questionshave you ever made a significant career change?

vote-for34vote-against
vote-for13vote-against

I've spent the last 8 months eating too much, traveling, helping my mother, and finally, FINALLY ripping up the bonus room and de-crappifying the house. That's not yet finished, but I now have an opportunity to start over in a field closer to my original plans and I've signed up to start classes in a couple of weeks to become a coach to high school and college students dealing with ADHD, and related challenges.

My long-term plan is to become a certified Life Coach (although certification is not required to hang up a shingle and start taking on clients), and to add parent coaching and employment/management coaching if I can (I have more professional experience with the latter).

I've never been in a job where I set my own hours, get paid by the job/client, and am my own boss. I should be able to do this part-time, but it's still a big step. Has anyone else done something like this? Any advice or guidance? Warnings? Help!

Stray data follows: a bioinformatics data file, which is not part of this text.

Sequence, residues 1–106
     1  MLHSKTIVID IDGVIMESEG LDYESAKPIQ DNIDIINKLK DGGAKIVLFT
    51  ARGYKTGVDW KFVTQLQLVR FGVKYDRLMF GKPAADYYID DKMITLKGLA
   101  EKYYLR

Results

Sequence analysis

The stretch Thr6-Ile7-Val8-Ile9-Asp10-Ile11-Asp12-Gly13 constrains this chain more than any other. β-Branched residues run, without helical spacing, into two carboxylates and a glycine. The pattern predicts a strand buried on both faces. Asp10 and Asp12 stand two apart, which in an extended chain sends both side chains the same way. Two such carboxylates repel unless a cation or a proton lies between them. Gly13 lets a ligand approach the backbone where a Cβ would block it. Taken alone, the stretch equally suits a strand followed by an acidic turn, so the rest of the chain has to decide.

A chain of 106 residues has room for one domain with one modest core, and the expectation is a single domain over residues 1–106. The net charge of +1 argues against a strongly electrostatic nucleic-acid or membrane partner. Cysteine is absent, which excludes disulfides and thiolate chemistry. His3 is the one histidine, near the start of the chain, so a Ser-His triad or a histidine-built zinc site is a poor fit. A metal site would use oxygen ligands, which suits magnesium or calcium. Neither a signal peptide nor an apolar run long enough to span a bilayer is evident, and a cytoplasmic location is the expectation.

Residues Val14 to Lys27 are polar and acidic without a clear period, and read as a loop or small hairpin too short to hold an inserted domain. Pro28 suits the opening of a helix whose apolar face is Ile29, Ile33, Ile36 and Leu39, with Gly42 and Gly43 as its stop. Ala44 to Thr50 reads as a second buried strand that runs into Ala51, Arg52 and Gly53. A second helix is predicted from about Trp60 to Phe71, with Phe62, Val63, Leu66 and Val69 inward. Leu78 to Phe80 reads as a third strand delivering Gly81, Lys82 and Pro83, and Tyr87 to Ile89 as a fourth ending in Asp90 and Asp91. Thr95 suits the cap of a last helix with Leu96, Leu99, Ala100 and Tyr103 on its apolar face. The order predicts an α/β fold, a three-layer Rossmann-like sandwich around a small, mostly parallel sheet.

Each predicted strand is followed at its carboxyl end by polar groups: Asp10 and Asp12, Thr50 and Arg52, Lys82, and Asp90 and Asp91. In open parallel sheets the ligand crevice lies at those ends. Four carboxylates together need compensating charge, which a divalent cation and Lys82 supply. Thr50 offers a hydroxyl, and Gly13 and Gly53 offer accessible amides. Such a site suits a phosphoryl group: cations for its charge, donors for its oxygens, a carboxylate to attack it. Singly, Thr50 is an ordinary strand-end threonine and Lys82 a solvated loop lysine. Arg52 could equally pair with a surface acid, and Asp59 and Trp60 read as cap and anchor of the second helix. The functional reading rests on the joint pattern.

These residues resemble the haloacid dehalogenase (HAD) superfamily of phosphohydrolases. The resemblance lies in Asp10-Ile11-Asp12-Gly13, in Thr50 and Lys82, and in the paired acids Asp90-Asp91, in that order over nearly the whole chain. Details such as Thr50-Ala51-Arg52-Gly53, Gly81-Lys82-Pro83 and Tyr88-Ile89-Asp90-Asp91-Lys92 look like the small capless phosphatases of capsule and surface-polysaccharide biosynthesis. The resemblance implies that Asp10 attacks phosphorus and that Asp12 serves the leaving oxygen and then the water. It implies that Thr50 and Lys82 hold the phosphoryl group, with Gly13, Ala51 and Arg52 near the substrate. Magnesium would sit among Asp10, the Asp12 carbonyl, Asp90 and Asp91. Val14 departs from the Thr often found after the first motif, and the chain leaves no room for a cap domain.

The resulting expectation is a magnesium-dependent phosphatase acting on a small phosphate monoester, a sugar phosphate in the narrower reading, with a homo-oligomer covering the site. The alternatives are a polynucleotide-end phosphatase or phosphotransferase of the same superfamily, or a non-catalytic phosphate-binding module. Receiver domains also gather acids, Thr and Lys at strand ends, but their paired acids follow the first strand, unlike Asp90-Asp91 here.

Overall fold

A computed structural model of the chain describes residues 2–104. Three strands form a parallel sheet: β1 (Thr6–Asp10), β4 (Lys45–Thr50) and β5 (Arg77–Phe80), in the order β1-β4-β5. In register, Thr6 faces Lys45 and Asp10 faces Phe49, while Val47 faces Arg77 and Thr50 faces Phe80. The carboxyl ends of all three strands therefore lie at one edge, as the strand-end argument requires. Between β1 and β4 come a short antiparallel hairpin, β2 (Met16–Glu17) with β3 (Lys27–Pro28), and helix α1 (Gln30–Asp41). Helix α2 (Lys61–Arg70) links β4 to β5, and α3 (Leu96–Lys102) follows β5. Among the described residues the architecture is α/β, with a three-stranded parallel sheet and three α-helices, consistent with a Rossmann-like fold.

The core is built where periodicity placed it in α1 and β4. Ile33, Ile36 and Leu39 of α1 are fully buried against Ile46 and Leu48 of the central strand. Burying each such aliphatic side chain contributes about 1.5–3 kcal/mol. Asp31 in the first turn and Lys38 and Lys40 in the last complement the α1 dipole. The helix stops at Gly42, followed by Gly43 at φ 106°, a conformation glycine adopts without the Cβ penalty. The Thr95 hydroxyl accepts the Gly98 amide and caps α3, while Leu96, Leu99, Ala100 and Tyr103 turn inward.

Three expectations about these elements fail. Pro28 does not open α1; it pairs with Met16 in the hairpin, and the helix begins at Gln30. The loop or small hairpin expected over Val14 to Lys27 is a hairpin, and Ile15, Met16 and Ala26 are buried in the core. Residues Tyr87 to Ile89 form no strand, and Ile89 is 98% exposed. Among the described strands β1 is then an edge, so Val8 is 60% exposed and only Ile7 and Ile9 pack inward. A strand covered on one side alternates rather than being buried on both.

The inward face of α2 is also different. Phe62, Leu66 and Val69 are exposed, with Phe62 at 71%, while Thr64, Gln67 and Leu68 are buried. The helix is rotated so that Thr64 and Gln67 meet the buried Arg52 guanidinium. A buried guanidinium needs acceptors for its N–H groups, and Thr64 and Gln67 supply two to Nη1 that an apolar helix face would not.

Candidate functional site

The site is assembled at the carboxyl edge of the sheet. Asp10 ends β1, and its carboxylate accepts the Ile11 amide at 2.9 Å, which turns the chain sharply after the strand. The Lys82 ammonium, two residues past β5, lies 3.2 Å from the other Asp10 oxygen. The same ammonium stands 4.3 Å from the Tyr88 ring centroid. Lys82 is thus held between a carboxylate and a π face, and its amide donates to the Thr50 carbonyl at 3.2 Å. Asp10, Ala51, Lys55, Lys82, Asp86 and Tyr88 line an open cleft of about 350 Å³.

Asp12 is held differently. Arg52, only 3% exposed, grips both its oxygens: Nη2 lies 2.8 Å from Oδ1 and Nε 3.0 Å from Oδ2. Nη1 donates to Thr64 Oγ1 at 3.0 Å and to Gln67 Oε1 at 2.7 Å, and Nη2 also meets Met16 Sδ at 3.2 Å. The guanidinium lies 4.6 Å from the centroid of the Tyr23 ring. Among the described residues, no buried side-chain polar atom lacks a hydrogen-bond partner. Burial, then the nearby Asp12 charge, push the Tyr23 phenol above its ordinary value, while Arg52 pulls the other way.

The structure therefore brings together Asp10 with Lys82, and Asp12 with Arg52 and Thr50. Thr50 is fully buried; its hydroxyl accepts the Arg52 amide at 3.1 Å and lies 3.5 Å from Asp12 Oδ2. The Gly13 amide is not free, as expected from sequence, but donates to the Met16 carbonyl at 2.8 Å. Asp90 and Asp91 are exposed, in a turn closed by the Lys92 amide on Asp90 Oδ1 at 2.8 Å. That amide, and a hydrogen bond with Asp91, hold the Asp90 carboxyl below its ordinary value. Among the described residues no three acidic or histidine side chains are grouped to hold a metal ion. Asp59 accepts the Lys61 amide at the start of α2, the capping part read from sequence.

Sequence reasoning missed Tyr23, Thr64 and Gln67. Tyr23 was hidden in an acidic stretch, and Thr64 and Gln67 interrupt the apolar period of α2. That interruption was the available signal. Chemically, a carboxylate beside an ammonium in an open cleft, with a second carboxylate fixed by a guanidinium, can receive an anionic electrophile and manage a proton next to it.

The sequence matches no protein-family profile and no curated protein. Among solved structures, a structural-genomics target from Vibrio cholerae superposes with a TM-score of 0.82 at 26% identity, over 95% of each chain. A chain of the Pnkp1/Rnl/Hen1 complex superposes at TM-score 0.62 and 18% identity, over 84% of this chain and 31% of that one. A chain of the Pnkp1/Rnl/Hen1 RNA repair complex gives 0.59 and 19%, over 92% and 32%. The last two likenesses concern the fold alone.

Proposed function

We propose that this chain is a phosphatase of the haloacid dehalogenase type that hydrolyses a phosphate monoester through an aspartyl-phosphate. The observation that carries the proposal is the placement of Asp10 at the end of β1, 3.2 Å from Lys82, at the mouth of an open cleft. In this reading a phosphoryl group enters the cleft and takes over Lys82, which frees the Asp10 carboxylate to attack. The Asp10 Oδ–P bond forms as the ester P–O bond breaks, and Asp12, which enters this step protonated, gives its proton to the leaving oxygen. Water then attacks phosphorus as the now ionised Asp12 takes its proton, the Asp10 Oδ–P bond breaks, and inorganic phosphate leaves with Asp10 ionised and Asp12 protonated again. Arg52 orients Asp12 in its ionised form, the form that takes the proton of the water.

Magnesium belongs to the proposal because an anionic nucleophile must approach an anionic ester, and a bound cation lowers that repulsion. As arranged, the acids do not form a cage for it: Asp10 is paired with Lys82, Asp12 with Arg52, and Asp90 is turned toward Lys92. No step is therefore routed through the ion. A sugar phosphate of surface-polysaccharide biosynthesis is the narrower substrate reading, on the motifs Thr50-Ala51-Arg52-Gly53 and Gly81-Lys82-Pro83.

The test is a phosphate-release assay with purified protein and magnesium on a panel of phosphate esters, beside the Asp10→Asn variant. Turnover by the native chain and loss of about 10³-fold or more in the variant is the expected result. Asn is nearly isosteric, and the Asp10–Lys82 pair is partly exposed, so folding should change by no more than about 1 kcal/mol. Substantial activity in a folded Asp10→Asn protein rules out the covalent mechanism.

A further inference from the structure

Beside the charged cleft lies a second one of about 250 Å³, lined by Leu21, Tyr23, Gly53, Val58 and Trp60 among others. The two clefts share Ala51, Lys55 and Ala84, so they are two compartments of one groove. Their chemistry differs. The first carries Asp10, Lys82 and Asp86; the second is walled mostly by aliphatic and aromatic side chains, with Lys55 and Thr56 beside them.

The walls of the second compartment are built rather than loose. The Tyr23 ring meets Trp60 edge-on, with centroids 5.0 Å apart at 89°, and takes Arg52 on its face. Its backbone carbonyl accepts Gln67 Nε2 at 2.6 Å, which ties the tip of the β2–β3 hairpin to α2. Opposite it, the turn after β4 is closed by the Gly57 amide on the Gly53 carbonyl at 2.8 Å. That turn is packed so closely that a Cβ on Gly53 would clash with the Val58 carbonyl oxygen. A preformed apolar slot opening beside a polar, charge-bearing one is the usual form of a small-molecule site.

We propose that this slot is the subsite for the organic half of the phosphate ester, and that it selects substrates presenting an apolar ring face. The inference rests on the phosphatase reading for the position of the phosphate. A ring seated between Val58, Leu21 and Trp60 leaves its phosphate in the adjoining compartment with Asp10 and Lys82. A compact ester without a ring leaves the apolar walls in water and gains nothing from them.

vote-for8vote-against

Yes. I have been an auto tech, pipe fitter, coordinator for lift truck techs, manager of a shoe store, etc... I have loved all of my jobs.

vote-for11vote-against

Sorry, got busy at work...

Con't...

Currently I am an Environmental & Safety Coordinator, and I volunteer for several places. When the DH and I retire, I will be a Park Host and/or workkamper. I am addicted to learning new things so sitting around or getting complacent has never been a problem.

My advice... DO IT! Whatever it is you choose. What else are you gonna do? Just think of all the new things you will learn. Besides, life is too short to sit on the side lines.

vote-for4vote-against